Hi, I'm Jill
I'm a mom, an award-winning author of 3 books, and an avid outdoor adventurer, who married a performance artist and addiction counselor renown for the best risotto on the planet.
I grew up as an Army brat, traveling the world. Now, I'm psyched to live in Spokane and adventure around the Pacific Northwest.
I can’t explain how I’ve gone so long without knowing about Marc Forster’s 2005 film, Stay. This week, I’ve watched it twice, and the second viewing was even more affecting than the first. Since the Greeks, we’ve read tales of grievers’ attempts to bring back the dead. Orpheus descending into Hades to recover Eurydice. (Re-imagined by Rilke, Eurydice has found her fulfillment in death, and does not even recognize Orpheus when he turns on...Read More
Our modem died over the weekend, and we spent a week without the internet. Not a tragedy, I know, but I have felt disconnected and isolated from news and events ever since. And I have been over thinking, over dreaming, and generally stirring myself into a fierce frenzy. At issue is conviction. I would rather see humanism prevail than feminism. Civil rights rather than gay. I am as skeptical of conviction as I am...Read More
I’ve been reading Clive James’ provocative collection of short essays, Cultural Amnesia, and here’s a little taste: “Nothing creative should be excluded for the sake of any other conviction.” I have never read James before. He reminds me of Jacques Barzun. His argument admirably stated and intriguing, his prose striking, his stance frequently anti-establishment. I feel tethered to all the world while I read him. As much as “Eternal Sunshine of the Spotless Mind”...Read More
Some people have to be at work by 8 a.m., and stay there until 5 or so. Some of them have to talk to customers. Or punch time cards. Sometimes they work for assholes, or sit in tiny partitioned cubby holes. Some commute for hours—leave in the dark, and arrive home to a similar situation. There are whole days I don’t go outdoors. Days where I might produce 7 pages, though I have sat...Read More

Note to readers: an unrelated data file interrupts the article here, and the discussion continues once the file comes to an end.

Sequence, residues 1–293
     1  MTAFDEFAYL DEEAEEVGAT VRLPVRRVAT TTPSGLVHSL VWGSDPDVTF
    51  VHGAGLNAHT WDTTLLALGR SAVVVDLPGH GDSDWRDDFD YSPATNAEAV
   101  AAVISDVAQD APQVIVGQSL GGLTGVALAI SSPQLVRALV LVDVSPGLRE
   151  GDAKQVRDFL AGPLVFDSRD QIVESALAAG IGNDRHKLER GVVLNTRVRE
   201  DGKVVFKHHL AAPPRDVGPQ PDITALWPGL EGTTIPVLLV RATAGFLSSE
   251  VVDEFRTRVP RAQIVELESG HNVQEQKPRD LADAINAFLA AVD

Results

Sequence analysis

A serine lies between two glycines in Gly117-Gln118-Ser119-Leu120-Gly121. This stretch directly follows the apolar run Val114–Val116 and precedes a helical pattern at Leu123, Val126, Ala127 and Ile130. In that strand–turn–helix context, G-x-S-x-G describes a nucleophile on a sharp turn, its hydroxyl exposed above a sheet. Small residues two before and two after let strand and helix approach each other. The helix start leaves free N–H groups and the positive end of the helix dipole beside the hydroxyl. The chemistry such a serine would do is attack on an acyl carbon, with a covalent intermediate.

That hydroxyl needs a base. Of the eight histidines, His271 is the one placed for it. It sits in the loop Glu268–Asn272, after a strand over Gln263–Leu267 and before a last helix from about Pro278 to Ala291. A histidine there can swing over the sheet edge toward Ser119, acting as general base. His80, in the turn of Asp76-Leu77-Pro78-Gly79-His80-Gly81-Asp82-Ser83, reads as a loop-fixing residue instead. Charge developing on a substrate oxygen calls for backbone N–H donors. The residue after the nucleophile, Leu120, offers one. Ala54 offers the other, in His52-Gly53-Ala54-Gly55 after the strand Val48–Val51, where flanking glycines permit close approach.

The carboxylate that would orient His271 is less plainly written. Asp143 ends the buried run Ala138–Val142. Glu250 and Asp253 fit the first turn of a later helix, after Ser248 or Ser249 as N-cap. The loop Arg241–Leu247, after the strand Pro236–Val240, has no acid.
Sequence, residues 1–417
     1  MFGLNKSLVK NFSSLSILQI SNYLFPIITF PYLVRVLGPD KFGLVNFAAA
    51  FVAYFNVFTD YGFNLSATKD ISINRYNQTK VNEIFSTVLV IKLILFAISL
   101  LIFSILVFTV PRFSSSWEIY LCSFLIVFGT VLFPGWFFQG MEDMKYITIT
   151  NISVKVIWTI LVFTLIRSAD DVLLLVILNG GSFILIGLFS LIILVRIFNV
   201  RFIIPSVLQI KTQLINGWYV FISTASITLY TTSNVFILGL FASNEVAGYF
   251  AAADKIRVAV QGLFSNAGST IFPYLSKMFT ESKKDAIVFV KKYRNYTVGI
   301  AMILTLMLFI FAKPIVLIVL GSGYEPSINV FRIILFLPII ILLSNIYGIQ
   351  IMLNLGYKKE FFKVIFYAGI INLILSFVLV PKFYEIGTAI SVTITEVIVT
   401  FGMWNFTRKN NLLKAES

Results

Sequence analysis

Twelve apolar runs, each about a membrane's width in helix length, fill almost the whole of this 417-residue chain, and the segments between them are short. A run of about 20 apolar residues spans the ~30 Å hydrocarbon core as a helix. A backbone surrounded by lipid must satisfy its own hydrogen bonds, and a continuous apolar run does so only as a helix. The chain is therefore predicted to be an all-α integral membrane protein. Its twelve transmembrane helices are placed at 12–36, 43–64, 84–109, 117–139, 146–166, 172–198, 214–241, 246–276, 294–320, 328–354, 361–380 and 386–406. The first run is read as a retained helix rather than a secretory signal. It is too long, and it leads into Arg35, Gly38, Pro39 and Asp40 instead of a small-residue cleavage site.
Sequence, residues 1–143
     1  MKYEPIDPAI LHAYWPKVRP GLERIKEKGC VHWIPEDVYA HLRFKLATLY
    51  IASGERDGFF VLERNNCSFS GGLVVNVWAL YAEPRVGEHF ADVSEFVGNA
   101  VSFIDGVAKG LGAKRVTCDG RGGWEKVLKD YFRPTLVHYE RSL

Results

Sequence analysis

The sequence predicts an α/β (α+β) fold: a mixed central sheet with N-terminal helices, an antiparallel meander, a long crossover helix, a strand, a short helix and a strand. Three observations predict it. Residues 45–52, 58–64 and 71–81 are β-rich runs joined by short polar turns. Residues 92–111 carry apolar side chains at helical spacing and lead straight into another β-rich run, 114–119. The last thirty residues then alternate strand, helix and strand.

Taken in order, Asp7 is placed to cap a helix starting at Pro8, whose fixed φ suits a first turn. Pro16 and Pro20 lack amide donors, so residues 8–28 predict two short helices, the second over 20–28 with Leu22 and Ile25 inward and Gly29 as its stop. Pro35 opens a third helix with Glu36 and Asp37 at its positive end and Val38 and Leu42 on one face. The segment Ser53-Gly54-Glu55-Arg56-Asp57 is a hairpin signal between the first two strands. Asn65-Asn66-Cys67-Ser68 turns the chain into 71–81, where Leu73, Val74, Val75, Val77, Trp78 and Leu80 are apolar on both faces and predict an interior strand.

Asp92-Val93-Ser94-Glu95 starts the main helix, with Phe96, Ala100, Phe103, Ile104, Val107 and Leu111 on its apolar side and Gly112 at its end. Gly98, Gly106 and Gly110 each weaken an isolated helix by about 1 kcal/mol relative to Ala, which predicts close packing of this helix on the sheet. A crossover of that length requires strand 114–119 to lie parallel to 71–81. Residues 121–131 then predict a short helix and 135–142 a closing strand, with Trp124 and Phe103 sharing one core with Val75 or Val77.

What do you remember of your adolescent self? Ali Smith channels hers beautifully in The Accidental, and Stephanie Vaughn’s short story Dog Heaven has exactly the right mix of girl remembering story, and woman remembering girl. I’ve been thinking a lot about this, this adolescent point of view, and I think one of the most striking things about adolescent brain is its immediacy. In eighth grade, this boy described to me how he’d wound...Read More
When I read through the latest rewrite of my novel in November, I was embarrassed to find that several key character details were based on a close friend of mine. When I’d envisioned the character, these details were supposed to be placeholders, developed, later, into other, less recognizable details. But the character got away from me. From the earliest pages, she was so wholly her own that I forgot I’d based any of her...Read More
I’ve just watched a documentary about extreme winter sports: Warren Miller’s Playground. Skiers cliff diving, half-pipe jumping, snowboarding into trees, parachuting down the north face of Alaskan mountains, etc. Sweet, terrifying athleticism. I am so not extreme. I never caught a wave over eight feet. Whenever I mountain biked in the back country, I hit a tree. I sucked at skateboarding because I was afraid of crashing (most especially down stairs). Two days ago,...Read More
The sleds of our youth are German: a sweet wooden one with a multi-colored webbed seat, and curled runners; and a racing car of red plastic with a sophisticated steering mechanism that includes a wheel and horn. Yesterday my brother and I humped these up Howard Street in addition to my son on his new inner tube. The inner tube is fast beyond all reckoning–riding up the snow burm, spinning in wild circles, whooshing...Read More
My four year old is a random trekking companion. But two days ago, we walked for miles through the snow paths and side streets of the South Hill, while Gavin told a story of an avalanche that buried cars and houses and trees. Groups of young men with shovels were moving up and down the hill, digging people’s cars out, and excavating driveways. We watched any number of cars get stuck, and neighbors come...Read More
Stephen S. Hall’s recent article, “Last of the Neanderthals” http://ngm.nationalgeographic.com/2008/10/neanderthals/hall-text in the September issue of National Geographic suggests we still have more questions than answers about Neanderthals. Were their tools more than rudimentary, did they paint with colorful pigments, or simply use black, did they ornament their bodies with bone or ivory, and the biggest mystery of all: did they mate with Homo sapiens? In fact, their brain volume was, on average, slightly larger...Read More